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Stocks march towards record highs

World stocks have marched back towards record highs as traders waited to see if Europe’s top central banks, the ECB and Bank of England, would match the US Federal Reserve’s upbeat message and cut stimulus.

There was more drama in Turkey as the record low lira plunged another 3 per cent ahead of its own central bank meeting, and Omicron numbers were rocketing globally, but for once it wasn’t infecting the major markets.

The pan-European STOXX 600 index jumped 1.4 per cent early on led by the tech and energy sectors. Wall Street futures were also pointing up again, while the bond and currency markets seemed happy with the Fed’s turbo taper plan to end its pandemic-era bond purchases by March.

“If the Fed moves (hikes interest rates next year), it will be okay as long as there is growth,” said Barrow Hanley’s Head of International Equities Rand Wrighton, referring to bets US rates could go up three times before the end of 2022.

He also added that while the rapid spread of the Omicron COVID-19 variant might delay the timing of economic recoveries, it shouldn’t ultimately alter the broader trajectory.

The Fed had laid out a scenario in which the pandemic, despite the Omicron variant, gives way to a benign set of economic conditions, with inflation easing largely on its own, interest rates increasing slowly, and unemployment staying low.

“The economy no longer needs increasing amounts of policy support,” Fed Chair Jerome Powell said.

Attention now turns to the ECB and BOE, which are also trying to balance the need to support economies threatened by the virus with the need to cut money printing to cool surging inflation.

The ECB’s 1245 GMT policy statement is expected to see it dial back its stimulus one more notch. But it is also expected to pledge ongoing support, sticking to its long-held view that inflation will abate on its own.

However, markets have ramped up bets that the BoE, which announces its decision at 1200 GMT, could finally raise rates after data on Wednesday showed British consumer price inflation at a more than 10-year high following another strong surge.

“There is clearly more pressure on the BoE to get along with it and start to normalise policy after having bottled it at the last meeting … though the consensus is the BoE will hold fire and wait until the fallout from the Omicron variant becomes clear,” Tapas Strickland, a director of economics at National Australia Bank, wrote in a note to clients.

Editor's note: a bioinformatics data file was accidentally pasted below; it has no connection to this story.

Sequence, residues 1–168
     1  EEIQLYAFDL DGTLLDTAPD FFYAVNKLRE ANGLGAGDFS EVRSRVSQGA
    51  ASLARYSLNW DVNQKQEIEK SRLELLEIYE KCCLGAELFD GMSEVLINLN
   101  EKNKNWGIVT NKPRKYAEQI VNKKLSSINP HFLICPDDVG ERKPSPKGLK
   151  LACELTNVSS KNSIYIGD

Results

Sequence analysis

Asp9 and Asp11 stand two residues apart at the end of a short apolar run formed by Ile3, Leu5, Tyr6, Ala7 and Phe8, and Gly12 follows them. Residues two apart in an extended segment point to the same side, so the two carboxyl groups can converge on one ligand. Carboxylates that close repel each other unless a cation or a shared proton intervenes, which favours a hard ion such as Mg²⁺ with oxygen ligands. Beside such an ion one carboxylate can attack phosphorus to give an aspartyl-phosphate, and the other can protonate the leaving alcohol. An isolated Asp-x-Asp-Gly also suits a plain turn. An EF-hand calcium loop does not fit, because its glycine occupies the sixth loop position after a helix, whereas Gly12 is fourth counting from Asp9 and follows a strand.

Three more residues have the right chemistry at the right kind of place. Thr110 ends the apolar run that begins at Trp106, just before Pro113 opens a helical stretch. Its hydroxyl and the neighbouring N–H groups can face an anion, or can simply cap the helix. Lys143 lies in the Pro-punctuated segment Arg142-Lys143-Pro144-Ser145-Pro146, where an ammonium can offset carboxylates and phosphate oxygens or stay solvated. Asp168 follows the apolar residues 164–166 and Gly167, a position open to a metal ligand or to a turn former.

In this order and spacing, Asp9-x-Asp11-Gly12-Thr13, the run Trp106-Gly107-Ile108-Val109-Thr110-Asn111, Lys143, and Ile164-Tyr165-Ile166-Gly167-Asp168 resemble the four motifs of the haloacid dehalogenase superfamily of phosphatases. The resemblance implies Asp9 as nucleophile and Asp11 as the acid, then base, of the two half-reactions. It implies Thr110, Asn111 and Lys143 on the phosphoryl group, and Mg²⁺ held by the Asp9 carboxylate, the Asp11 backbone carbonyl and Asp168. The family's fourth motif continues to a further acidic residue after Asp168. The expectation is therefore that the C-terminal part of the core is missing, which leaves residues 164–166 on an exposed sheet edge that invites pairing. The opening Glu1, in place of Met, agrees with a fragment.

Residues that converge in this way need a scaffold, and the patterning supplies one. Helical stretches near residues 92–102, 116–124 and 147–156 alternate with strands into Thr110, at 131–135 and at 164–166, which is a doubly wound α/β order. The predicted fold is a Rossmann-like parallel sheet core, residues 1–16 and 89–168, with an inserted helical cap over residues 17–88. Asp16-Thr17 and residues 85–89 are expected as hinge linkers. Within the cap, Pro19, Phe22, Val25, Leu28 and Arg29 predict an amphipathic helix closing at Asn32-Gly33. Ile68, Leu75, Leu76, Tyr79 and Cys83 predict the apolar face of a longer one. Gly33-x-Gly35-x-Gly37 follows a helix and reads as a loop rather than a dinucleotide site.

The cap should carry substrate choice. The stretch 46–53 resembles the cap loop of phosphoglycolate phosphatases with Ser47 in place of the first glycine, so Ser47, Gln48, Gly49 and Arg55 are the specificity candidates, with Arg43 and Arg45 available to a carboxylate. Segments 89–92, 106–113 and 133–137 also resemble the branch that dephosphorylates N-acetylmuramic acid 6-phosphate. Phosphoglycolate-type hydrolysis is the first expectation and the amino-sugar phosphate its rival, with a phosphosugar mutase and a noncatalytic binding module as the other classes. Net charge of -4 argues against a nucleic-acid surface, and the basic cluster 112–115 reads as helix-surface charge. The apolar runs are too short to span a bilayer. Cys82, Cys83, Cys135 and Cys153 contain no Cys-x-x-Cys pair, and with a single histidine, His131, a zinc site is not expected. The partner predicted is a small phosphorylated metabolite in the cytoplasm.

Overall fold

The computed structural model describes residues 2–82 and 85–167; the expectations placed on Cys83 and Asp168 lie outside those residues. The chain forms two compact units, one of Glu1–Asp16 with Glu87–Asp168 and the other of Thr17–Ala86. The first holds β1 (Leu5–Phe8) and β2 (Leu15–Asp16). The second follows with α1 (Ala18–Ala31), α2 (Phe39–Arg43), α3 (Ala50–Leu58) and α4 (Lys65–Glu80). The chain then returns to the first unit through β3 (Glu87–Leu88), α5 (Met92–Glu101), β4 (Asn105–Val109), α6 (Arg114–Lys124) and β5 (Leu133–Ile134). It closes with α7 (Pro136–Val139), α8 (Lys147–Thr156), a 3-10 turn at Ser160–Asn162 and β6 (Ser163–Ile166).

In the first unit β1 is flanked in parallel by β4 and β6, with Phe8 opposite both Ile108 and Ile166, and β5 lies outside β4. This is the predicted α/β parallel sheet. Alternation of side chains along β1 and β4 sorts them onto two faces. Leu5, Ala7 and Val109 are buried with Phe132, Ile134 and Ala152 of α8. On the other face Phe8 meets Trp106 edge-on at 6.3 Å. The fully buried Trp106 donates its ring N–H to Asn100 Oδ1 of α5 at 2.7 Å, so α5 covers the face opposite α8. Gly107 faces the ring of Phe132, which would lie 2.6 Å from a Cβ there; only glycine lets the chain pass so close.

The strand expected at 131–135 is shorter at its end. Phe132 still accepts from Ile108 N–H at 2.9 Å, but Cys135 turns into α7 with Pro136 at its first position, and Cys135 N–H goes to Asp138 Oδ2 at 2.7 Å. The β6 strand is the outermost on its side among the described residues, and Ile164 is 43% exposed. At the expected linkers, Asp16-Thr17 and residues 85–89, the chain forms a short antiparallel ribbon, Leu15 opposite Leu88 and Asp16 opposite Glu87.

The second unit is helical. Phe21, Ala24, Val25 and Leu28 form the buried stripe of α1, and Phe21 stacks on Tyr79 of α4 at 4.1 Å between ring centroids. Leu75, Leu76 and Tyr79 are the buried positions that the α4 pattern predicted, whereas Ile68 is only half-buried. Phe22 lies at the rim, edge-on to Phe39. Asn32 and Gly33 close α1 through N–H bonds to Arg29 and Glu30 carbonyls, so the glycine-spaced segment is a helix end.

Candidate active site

Sterling was up 0.2 per cent to just under $1.33 having peaked for the year back in May at $1.4250. The euro climbed a similar amount to just over $1.13 even though forward-looking euro zone purchasing manager data came in weaker than expected.

Europe is facing a fourth wave of infections and many governments have been encouraging citizens to stay home and avoid unnecessary social contact.

IHS Markit’s Flash Composite Purchasing Managers’ Index, a good indicator of overall economic health, dropped to 53.4 in December from 55.4 in November, its lowest since March and below the 54.0 predicted in a Reuters poll.

That headline number was dragged down by the services PMI, which sank to an eight-month low of 53.3 from 55.9. While above the 50-mark separating growth from contraction it missed the Reuters poll estimate for 54.1.

“The euro zone economy is being dealt yet another blow from COVID-19, with rising infection levels dampening growth in the service sector in particular to result in a disappointing end to 2021,” said Chris Williamson, chief business economist at IHS Markit.

It wasn’t looking like a good Christmas for Turkey either.

The lira dropped to an all-time low beyond 15 against the dollar ahead of another expected interest rate cut by the central bank, which has fallen in line with President Tayyip Erdogan’s risky new economic program.

“We exited local markets in September – we went to zero,” said Aegon Asset Management’s head of emerging market debt Jeffery Grills, blaming the direction the country’s economic and monetary policies were now taking.

The lira has halved in value this year.

Things were far smoother in the commodity markets however. Oil rose towards $75 supported by record US implied demand and falling crude stockpiles, while cooper which is highly sensitive to the health of the global economy rebounded 2.2 per cent after falls on Wednesday has taken its losses since October past 11 per cent.

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